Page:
Walking Your Way To Better Health

Want to combine exercise with sport - a sport that you can take up at 40 or 50? Or even 60? Without a lot of lessons to take, rules to follow? Become a hiker. It's really little more than stepped-up walking - but the rewards amount to more than simply physical conditioning. You "get back to nature" - far from the phones - and enjoy a remarkable amount of psychic income. And if you're the gregarious type, there's a good crowd of hikers to be met in organized clubs around the country. Some of them will be fellow deskbound businessmen - and women.

Medical specialists agree that you literally can walk your way to better physical and psychological health. Dr. Harry Johnson, a Londoner who for years specialized in scanning the health records of executives, says this: "Three brisk 20-minute walks a day, plus a five-mile hike each weekend, will put you in shape. If you're past 50 and have to fight against slowing down, you're foolish not to give this idea a try."

The first tip about hiking is to forget about buying lots of equipment at the outset. All you need is a good, comfortable pair of ankle-high boots and a simple knapsack for toting your lunch and foul-weather gear. (Later on, there are some fancy accessories you might want.) Woolen socks are best, and it's a good idea to try wearing a lighter pair of regular-weight socks under them. The socks rub together as you walk and take up the friction of your foot rubbing against the boot.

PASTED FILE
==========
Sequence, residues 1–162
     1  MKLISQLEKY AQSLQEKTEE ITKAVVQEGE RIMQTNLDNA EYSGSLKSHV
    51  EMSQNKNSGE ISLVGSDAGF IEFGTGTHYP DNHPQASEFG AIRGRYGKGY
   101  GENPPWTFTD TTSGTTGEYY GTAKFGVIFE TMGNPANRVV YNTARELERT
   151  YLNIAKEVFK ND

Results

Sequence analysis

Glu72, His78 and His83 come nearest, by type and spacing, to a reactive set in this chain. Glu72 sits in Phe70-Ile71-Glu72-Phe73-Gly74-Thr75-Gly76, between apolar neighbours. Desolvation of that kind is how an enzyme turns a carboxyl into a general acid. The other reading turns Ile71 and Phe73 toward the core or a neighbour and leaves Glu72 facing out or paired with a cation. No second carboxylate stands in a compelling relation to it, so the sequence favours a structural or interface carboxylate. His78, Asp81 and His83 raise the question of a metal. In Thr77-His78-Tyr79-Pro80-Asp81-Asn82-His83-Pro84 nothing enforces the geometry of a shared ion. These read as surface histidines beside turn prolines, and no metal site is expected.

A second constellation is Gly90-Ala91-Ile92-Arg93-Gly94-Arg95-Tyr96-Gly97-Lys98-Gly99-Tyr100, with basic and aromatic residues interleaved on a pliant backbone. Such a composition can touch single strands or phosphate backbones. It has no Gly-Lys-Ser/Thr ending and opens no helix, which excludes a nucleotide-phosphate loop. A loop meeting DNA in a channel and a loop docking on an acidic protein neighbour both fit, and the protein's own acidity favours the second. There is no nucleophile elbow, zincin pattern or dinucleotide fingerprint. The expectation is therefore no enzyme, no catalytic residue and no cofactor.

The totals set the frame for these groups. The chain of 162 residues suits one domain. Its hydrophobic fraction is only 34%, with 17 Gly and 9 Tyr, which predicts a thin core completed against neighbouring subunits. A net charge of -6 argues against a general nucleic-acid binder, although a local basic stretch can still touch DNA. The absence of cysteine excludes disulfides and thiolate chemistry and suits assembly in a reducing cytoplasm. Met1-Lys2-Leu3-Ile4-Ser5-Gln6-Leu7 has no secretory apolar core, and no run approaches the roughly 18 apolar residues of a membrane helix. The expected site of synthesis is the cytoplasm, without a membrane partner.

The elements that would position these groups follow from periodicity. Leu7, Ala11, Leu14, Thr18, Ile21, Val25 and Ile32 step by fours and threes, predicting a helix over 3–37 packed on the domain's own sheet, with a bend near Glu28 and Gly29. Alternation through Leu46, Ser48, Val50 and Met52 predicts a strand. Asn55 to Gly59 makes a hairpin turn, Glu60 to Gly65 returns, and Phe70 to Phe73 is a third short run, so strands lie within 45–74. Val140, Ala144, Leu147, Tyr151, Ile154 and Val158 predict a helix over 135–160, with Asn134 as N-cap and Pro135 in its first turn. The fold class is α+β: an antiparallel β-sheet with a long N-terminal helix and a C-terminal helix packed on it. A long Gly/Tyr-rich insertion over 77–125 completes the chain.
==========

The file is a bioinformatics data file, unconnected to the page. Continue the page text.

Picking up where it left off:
To start - especially with new boots on - take a few slow turns around the neighbourhood in the evening. After that, how far you can hike depends on your condition (and zeal). If you have been strictly a taxi rider, one mile is plenty the first few times out.

A fast hiker will go a steady four miles an hour on level terrain, two in hill country. But don't worry about speed. You'll pick it up. Maintaining a steady, rhythmic pace is the idea - without frequent stops and starts. And remember that, as a beginner, it will take you 10 minutes or so to get warmed up and hit your best stride. In this sport, it's rhythm that counts. Develop rhythm and you'll soon find yourself going on for six, eight, ten miles, even more.

You needn't go on safari. There are probably some good hiking trails near your home. In most areas, local chapters of such groups as the Appalachian Mountain Club and Sierra Club have helped to lay out trails.

This sort of thing is more highly organized than you might imagine. A call to, say, your state or county park commission or conservation department will turn up information. Or call the local Scoutmaster. Or, for a list of many hiking clubs and trails around the country, see Trails for America, a 155-page Interior Dept. website (Supt. of Documents, UK. Printing Office, Washington, D.C. 20402).

You can, of course, go solo. Or do your hiking with family, a few friends, or the Boy Scouts if you have a teen-ager. But an organized hiking club has advantages. A good club offers more than just trail information and guided trips for the novice - there will be dinner meetings, talks and films, and such. After you get past day trips and the gentle field and country road stage, you may decide that you need more than hiking boots. If you're interested in overnight trips, for example, pack frames cost £25 up; on it you strap the canvas pack (£10 up) and perhaps a goose down sleeping bag (£60). If you want binoculars, a 7x35 wide-angle type is best (£50 to £75).

Top suppliers of highest-grade gear include: Alpine Hut, Seattle, Wash.; Gerry Mountain Sports, Ltd, Boulder Industrial Park, Boulder, Col.; Robert Black & Sons, Ltd, Boulder Industrial Park, Boulder, Col.; Robert Black & Sons, Ogdensburg, N.Y.; and L.L. Bean, Freeport, Me. Plus, of course, Abercrombie & Fitch.

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